“It’s a sort of animated children’s pop-up book,” she says. “It’s going to be a mix of 2-D drawings in a 3-D space. The camera is going to zoom into the book, which will then open up and take the viewer through the story.”

The project will bring her into close contact with some of the animation world’s heaviest hitters. Many of her co-workers are coming to the project as veterans of high-profile Hollywood films like “Lemony Snicket” and the Oscar-nominated “Coraline.” “It’s an honor and a real thrill to work with such talented people,” she says.

Later this year, Lolley also is set to release a collaborative children’s alphabet book, “L is for Louisville.” The book is a follow-up to the successful “Louisville Counts!” book released last year by Holland Brown Books.

In Louisville, Lolley is respected as a talented artist, particularly in the art community, but she has undoubtedly garnered far greater recognition outside of her hometown. Her work has appeared in the pages of Elle magazine, Japanese Vogue and The Oxford American. Urban Outfitters has licensed a handful of her images. Big-name collectors and celebrities have sought out her work.

And then, of course, there’s the fact that My Morning Jacket chose one of her drawings for the cover of their breakthrough album Z.

“I was very honored (My Morning Jacket frontman) Jim James asked me to do that,” says Lolley. “He’s been very supportive, and it helped me to get my name out there in ways that I would never have expected. Usually I don’t remember an album cover unless it’s some sort of iconic image, like Abbey Road.”

In this case, the image My Morning Jacket chose depicts a sort of owl dissection, with a cityscape and highway emerging from the bird’s torso, as three owl surgeons stand over the body. But that wasn’t the image James originally selected. “I got a call telling me he was considering using one of the drawings for the cover and it …” Lolley stops short. “I asked if he realized what was happening in (the piece he’d originally selected). I told them, ‘An owl is kind of being shot in the vagina here.’”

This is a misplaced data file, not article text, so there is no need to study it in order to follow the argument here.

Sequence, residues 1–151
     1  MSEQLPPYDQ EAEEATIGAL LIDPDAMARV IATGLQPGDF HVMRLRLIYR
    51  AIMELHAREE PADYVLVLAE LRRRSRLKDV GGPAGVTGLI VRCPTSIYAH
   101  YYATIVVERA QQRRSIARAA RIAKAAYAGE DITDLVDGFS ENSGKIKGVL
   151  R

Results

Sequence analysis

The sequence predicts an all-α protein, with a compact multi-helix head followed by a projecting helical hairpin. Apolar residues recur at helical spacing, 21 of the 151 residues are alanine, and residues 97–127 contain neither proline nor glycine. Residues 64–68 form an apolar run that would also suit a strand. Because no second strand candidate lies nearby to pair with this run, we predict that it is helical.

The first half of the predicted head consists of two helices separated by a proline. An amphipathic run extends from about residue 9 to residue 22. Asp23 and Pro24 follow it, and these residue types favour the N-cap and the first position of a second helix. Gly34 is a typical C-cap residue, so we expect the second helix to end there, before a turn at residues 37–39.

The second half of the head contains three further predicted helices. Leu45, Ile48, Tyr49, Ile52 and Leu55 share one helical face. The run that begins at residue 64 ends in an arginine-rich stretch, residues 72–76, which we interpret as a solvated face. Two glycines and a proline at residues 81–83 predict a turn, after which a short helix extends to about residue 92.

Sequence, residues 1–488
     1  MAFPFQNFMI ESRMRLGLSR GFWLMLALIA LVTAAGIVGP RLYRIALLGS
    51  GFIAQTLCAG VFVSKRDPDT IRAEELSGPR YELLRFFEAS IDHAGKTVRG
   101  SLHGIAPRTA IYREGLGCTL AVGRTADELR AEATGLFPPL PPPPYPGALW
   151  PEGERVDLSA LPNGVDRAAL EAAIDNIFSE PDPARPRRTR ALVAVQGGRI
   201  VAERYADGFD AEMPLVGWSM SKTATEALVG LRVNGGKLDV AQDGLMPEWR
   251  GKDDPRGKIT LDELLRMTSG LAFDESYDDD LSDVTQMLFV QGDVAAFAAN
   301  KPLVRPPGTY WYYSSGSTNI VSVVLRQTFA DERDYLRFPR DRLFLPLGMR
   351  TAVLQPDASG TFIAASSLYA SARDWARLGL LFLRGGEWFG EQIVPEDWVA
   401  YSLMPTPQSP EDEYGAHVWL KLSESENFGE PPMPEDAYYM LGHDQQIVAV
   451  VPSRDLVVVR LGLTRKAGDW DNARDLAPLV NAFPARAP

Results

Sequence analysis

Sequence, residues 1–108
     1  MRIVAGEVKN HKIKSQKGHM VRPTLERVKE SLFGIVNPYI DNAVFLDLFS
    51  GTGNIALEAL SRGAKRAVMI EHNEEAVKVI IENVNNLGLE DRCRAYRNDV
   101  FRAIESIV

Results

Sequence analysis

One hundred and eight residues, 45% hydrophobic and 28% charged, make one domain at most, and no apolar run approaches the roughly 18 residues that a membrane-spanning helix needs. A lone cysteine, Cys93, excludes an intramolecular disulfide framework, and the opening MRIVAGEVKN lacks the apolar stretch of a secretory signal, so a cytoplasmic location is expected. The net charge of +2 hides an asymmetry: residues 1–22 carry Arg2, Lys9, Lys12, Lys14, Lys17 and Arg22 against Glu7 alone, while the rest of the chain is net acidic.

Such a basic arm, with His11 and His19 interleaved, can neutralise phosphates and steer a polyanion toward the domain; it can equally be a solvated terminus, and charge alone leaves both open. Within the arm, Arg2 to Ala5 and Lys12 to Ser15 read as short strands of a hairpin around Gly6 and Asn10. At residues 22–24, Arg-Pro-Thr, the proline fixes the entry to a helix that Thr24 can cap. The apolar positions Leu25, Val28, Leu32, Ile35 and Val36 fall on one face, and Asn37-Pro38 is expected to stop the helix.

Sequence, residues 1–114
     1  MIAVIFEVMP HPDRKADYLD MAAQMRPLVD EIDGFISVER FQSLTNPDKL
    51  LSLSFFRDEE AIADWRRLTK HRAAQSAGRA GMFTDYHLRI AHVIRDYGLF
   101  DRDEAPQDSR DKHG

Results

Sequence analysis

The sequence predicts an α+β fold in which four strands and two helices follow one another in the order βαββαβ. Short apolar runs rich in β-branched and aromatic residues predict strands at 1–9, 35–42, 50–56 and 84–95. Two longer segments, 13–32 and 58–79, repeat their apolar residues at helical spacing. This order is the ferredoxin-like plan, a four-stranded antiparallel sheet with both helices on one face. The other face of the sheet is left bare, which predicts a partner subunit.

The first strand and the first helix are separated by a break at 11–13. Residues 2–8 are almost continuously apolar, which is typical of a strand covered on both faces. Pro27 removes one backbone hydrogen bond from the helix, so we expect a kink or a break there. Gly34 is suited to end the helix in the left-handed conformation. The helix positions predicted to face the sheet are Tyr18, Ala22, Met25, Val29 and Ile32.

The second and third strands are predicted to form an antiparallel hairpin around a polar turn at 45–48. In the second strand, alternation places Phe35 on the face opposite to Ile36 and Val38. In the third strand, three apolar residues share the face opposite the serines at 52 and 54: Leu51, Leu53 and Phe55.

Needless to say, James and the band selected an alternate drawing while the original piece ultimately found a more appropriate home on the wall of a — wait for it — gynecologist.

It’s something Lolley, who incorporates so much surrealism and subjective metaphor into her art, has gotten used to — and even welcomes.

“I think of each piece as its own self-contained story,” she says. “I put a piece of myself and a piece of what’s going on in my life into everything that I do. I take folklore that speaks to me and I reinterpret it, but I try not to edit myself because somebody usually finds something to connect with.”

And if that connection isn’t what she intended? “That’s what I enjoy about art openings. When strangers come up and tell me what they see in it, and they’re getting something totally different than what I put into it, then it’s a revelation. I like getting feedback. I like listening to people’s stories.”


Owl vs. Crow
WHY Louisville • 1583 Bardstown Road • 456-5400 • www.whylouisville.com

WHY Louisville will kick off this solo show by Louisville artist Kathleen Lolley with an opening reception from 6-9 p.m. Friday, April 9. The exhibit continues through May 9.

“One of the things we try to do at WHY Louisville is showcase what we think is exciting about this city,” says owner Will Russell. “Kathleen’s art is a great example of something Louisville can be proud of.”